Our explorations of design communities around the world have led us everywhere from Brazil to South Africa to Pakistan to China. Now we're looking at design in Taiwan with the lovely team at HOUTH.
HOUTH, a creative studio based in Taipei, is the work of co-founders Ho Wan Chun and Huang Chi Teng. They describe themselves as designers who "appreciate simple, pure things and interpret this hilarious world through a unique perspective." In a time when we as designers take ourselves and our buzzwords very seriously, I appreciate HOUTH's lighthearted outlook.
Here Ho and Hans tell us about the creative landscape in high-tech Taiwan, the country's "mix and match" philosophy and why we should be talking less about globalization and more about good design.
Hey Hans and Ho, excited to have you in the series. First, let’s talk about your studio. Who is the team behind HOUTH and why did you decide to open a graphic design studio?
Ho Wan Chun: Both of us are co-founders of HOUTH. I have been working as a designer in design studios and creative companies for over five years. Everything was uncertain during that time, and opening my own design studio was always only a dream for me. Luckily, I got the chance to visit some cities in Germany in 2014. That was my first time to Europe. What I saw completely changed my mind, especially in Berlin. After the trip, I decided to open my own studio with Hans (Huang Chi Teng).
Huang Chi Teng: Before we started HOUTH, I had been working in different fields like publishing, marketing, event planning, project management etc., but I always liked to read design/creative-related news. When Ho mention opening a studio with me during my mid-thirties, I knew I needed to do this or the rest of my life would probably be the same.
Ho Wan Chun: Because I love design and he loves photography, we think it’s a good and fresh mix to combine design and photography as a creative design studio.
Taipei was named World Design Capital in 2016. It seems like for Taiwan overall though, design is still growing. Can you tell us a bit about yourdesign community? Is there a strong design presence beyond Taipei and do many platforms or events exist that help you connect with other designers?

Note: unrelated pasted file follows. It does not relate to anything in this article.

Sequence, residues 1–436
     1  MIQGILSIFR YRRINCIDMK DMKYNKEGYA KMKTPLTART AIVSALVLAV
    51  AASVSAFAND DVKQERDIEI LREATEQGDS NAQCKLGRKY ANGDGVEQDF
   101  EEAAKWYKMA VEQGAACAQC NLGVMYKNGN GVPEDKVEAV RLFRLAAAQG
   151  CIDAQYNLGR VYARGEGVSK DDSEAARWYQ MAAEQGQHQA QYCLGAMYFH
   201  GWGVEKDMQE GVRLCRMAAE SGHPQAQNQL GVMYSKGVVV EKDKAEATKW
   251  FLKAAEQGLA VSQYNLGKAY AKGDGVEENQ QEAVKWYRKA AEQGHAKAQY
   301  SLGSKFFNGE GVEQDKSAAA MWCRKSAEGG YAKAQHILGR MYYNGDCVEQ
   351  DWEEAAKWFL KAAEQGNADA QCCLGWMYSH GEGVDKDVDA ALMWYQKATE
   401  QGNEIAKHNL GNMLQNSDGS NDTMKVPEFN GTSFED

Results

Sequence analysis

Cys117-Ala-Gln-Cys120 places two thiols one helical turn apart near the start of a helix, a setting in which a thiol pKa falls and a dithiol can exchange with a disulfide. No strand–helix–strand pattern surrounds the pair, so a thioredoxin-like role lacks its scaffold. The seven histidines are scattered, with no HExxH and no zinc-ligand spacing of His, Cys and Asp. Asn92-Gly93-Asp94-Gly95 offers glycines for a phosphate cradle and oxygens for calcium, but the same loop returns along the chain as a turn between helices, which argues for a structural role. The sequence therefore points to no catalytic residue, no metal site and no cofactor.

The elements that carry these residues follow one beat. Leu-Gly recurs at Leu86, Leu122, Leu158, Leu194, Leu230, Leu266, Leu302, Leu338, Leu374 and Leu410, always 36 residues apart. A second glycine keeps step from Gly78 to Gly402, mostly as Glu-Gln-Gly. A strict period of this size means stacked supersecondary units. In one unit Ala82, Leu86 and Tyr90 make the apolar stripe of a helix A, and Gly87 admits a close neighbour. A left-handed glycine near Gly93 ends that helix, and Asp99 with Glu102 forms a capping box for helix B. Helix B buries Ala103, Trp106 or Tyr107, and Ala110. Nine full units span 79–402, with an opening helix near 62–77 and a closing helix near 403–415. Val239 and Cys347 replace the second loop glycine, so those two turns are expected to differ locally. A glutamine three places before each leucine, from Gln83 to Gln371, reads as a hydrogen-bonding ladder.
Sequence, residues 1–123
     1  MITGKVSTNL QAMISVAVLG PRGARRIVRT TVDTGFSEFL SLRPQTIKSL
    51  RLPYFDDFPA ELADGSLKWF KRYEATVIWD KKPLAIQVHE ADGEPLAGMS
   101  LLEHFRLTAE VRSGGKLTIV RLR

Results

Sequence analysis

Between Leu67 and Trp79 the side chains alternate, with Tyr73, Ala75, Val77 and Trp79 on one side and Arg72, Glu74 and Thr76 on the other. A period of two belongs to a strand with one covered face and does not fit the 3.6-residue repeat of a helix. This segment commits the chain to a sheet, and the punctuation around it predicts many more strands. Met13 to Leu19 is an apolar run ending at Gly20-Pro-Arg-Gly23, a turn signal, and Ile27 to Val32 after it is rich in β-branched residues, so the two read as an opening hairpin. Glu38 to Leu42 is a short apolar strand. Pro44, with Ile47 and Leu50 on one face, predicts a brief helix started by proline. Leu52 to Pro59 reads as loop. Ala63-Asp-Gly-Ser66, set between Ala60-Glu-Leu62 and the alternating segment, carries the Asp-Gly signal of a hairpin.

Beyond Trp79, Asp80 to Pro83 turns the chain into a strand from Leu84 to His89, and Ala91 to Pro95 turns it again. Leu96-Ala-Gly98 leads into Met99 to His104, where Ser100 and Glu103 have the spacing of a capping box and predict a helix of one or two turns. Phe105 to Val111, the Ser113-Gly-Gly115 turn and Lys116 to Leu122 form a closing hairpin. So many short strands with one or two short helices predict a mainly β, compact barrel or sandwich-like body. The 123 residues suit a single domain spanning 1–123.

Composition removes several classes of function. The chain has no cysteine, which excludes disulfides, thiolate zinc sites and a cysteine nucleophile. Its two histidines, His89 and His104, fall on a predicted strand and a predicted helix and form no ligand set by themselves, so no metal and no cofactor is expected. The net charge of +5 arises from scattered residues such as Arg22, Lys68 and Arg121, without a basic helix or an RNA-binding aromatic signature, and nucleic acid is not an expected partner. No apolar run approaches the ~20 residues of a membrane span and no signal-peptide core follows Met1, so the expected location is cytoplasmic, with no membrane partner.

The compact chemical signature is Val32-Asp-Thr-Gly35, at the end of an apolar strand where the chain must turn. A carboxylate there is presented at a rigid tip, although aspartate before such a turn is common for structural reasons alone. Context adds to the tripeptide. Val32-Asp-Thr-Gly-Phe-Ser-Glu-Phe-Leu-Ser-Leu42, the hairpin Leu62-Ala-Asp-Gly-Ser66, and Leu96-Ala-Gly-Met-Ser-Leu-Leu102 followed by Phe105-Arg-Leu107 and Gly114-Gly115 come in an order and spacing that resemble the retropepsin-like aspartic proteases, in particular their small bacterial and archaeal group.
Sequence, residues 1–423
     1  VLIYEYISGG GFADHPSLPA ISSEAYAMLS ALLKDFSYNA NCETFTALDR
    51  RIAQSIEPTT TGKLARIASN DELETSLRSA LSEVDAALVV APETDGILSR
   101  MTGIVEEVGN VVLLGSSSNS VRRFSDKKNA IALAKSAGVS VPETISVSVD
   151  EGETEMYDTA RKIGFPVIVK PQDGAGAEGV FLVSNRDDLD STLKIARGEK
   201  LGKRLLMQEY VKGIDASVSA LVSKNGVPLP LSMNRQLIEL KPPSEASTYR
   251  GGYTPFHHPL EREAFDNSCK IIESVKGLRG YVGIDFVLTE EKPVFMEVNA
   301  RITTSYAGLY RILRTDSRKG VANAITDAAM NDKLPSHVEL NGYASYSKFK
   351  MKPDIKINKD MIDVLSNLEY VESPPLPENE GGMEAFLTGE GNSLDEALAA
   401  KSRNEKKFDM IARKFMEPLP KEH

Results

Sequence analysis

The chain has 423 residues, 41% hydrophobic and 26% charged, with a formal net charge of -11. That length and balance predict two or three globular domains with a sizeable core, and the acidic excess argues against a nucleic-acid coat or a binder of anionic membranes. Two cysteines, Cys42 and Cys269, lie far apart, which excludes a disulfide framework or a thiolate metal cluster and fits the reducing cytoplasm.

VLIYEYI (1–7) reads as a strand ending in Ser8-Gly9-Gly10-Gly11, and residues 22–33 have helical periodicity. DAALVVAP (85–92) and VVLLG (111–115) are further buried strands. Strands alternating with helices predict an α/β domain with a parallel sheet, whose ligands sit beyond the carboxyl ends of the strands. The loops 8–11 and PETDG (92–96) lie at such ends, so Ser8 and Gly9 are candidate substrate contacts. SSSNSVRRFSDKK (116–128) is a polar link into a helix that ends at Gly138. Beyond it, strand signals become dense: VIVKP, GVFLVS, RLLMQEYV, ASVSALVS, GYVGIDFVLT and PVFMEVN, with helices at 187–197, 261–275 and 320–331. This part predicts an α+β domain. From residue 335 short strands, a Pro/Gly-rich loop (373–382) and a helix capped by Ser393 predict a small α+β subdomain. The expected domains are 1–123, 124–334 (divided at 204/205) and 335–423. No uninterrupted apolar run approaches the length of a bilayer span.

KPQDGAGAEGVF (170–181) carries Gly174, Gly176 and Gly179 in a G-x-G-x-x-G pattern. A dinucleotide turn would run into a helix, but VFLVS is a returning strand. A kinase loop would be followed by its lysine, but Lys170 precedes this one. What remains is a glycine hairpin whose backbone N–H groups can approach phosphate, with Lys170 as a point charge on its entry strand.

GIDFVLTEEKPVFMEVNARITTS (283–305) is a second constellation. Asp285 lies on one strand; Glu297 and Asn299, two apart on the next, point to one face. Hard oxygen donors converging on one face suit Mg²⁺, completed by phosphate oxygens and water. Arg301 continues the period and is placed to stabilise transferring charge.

Ho Wan Chun: Young designers are emerging all over Taiwan’s design community. In this information-overloaded age, young people can find design references from the internet easily. More and more designers are willing to do voluntary design proposals to get their opportunities or simply hope to make society or life better. Designers pay close attention to social design than before. It’s good for social development, but also more competitive to run a design business.
Huang Chi Teng: Except for some design joint exhibitions, there are not so many platforms or regular events for designers to hang out or connect with each other.
What are the job opportunities available for designers in Taiwan right now?
Ho Wan Chun: Compared to 10 years ago, the design opportunities now are bigger, better and more flexible. There are so many creative forms to express design from traditional graphic/layout design to product/packaging design to art installation to live events/performances and even interactive experiences and exhibitions.
Huang Chi Teng: More and more people are starting to appreciate design and understand how design can change the game. They would love to put more effort and money into the design field, and create more design-related job opportunities.
Taiwan is the 22nd-largest economy in the world, and its tech industry plays a key role in the global economy. How has this affected the design community? Are many designers working in the tech space?
Ho Wan Chun: We have the most advanced copyrights, skills and technology in the tech industry, but the main business model is still OEM, and other countries which provide cheaper rent and salaries will replace Taiwan sooner or later. It’s time for tech industry owners in Taiwan to seriously think about the next move, and we suggest putting more efforts on “Design Thinking” to change the business model from OEM to ODM.
Huang Chi Teng: Of course, there are many people work in the tech space, like programmers, web/UI designers, product designers, 3D modeling/rendering, AR/VR designers etc., and also some outsourcing projects from the tech industry, like logo, packaging and website design.
Taiwan has quite a complex culture given its history of colonization. How would you describe the design you see coming from Taiwan today? Do you notice a certain style or formative influences, or is it influenced by your culture in any way?
Ho Wan Chun: Mix and match is the way we describe design here! We have to deal with the conditions and limitations we have and solve the problems with the design method we propose. Taiwan is a small island but at the same time, she shows the possibilities of richness.
Huang Chi Teng: The charming feature of Taiwan is the people’s warm hospitality, and this not only affects the design but the whole lifestyle.